Particle accelerator facility FAIR

The new particle accelerator "FAIR" in Darmstadt will help unveil the secrets of the universe. Its ions and antiprotons pick up so much speed that they are almost as fast as light.

You have to think big to stay on the track with the smallest particles: In the future, ions and antiprotons with a diameter of around one ten millionth of a millimeter will pick up extremely high speeds at the new FAIR particle accelerator center in Darmstadt. The electrically charged particles there are expected to reach almost the speed of light of about 299,000 kilometers per second. Then they collide with a resistor, a foil or biological cell samples. The accelerated ions and antiprotons will be used for experiments in various fields of research, from particle, nuclear and atomic physics to plasma physics, materials research, biophysics and tumor therapy.

The international particle accelerator centre FAIR in Darmstadt will be one of the world's largest research facilities for basic physics research and will provide new insights into the structure of matter and the development of the universe from the Big Bang to the present day. Over the next few years, one of the world's most complex accelerator facilities will be built on 20 hectares at the GSI Helmholtz Centre for Heavy Ion Research, whose existing accelerator facility will be used as a preliminary stage for FAIR. A total of 20 new buildings and a 1,100 metre long ring tunnel will be constructed. "We are building the tunnel in an open construction approach," explains Sven Sachs, Manager FAIR Site & Buildings. "One of the reasons is that the radius of curvature of the tunnel is too small in places for tunnelling machines. The tunnel will be built in sections of around 200 meters each, at the deepest point the tunnel floor is around 17 meters below the surface and has up to six meter thick concrete walls," explains Sachs.

The FAIR Accelerator Centre

The international particle accelerator centre FAIR (Facility for Antiproton and Ion Research) is a facility for fundamental physical research. It is being built in Darmstadt at the GSI Helmholtz Centre for Heavy Ion Research. It is supported by Germany as well as European and non-European partner countries. FAIR is intended to provide new insights into the structure of matter and the development of the universe.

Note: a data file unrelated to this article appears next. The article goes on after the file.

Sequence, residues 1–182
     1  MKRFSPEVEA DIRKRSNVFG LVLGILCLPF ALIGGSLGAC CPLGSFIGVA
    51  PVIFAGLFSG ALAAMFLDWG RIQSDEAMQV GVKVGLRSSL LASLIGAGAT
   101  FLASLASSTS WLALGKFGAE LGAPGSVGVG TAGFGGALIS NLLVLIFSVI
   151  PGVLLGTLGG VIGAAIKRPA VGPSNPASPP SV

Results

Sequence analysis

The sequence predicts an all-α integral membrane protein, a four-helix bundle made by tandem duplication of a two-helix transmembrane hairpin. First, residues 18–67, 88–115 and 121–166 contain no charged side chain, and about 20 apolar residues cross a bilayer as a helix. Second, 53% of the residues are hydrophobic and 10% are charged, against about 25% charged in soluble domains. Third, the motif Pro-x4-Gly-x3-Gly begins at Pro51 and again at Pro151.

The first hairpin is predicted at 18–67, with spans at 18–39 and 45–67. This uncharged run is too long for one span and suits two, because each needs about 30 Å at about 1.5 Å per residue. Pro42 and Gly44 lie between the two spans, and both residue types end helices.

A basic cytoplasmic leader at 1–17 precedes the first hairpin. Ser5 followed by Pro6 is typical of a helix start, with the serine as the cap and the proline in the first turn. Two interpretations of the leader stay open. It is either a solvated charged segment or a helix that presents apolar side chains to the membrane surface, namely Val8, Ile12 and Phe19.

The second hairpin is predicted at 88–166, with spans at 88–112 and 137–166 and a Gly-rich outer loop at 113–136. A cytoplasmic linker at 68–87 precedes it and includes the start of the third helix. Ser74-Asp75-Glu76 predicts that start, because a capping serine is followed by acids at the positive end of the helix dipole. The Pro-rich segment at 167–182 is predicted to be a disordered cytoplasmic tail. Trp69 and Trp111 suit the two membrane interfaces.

A total of 1,350 bored piles of up to 60 meters in length and 1.20 meters in diameter stabilise the subsoil so that the heavy facility will later settle less and, above all, more equally. "In order to be able to estimate the settlement, geotechnical engineers carried out extensive soil investigations in advance. The soil samples taken showed that the subsoil consists mainly of sands, silt and clay. Such soils are compressible, i.e. they change their density under great pressure," explains Sven Sachs. "Our foundation concept therefore provides for the bored piles to support the heavy buildings by means of a combined pile and slab foundation; the less heavy buildings are flat-founded," says the engineer. This will largely compensate the differences in settlement between the buildings and where settlement in the ground is to be expected due to massive earth fills.

The dimensioning of the components, in particular the thickness of the ceilings and walls, must also meet the requirements of radiation protection. A total of up to 600,000 cubic meters of concrete will be used for the new accelerator centre - enough to build eight soccer stadiums. For the Northern section of the facility, HeidelbergCement is supplying around 40,000 tonnes of CEM III/B 32.5 N-LH/SR (na) from its Mainz plant in a joint venture with Dyckerhoff GmbH. The special feature: "The blast furnace cement has a lower heat generation during the setting process of the concrete. Less heat is released and the strength formation of the concretes with these cements is slower than with CEM-I cements," explains Dr. Klaus Felsch, Project Manager Infrastructure at HeidelbergCement in Germany.  "In mass concretes, such as those used for the thick floor slabs and walls at FAIR, this significantly reduces stresses due to temperature gradients between the core and surface and limits crack formation. This makes the concretes more durable," says Felsch. In addition, 65,000 tonnes of steel will be used, which corresponds to nine Eiffel Towers.

Radiation protection is written BIG
You need mass to stop the beam: The main tunnel is almost 17 metres underground and is divided into a supply tunnel, a technology tunnel and a radiation tunnel. In between are concrete shielding packages up to six metres thick. A normal concrete with radiation protection requirements is used here. The surrounding soil is also subject to special requirements, such as special compression or composition. To prevent radiation from escaping, all house entrances and passages are meandering.

"The complexity and diversity of the technical and physical installations as well as radiation protection make special demands on the planning and implementation of the overall project," explains Dr. Harald Hagelskamp, external Site Manager at FAIR. "Close coordination between building construction and civil engineering, technical building equipment and science is therefore particularly important. After all, around 3,000 scientists from all over the world are to conduct cutting-edge research with FAIR in the future. "With FAIR, we are giving scientists an instrument that offers them unrivalled experimental possibilities," says Hagelskamp. "Perhaps they will even succeed in bringing the Nobel Prize to Darmstadt."

Project Data

  • FAIR GmbH, Darmstadt


  • Porr Deutschland GmbH


  • 230.000 m3 radiation protection mass concrete, 80.000 m3 finishing concrete


  • 2021


Particle accelerator facility FAIR in Darmstadt, Germany.

Particle accelerator facility FAIR in Darmstadt, Germany.

Photomontage of the future FAIR accelerator facility, Germany.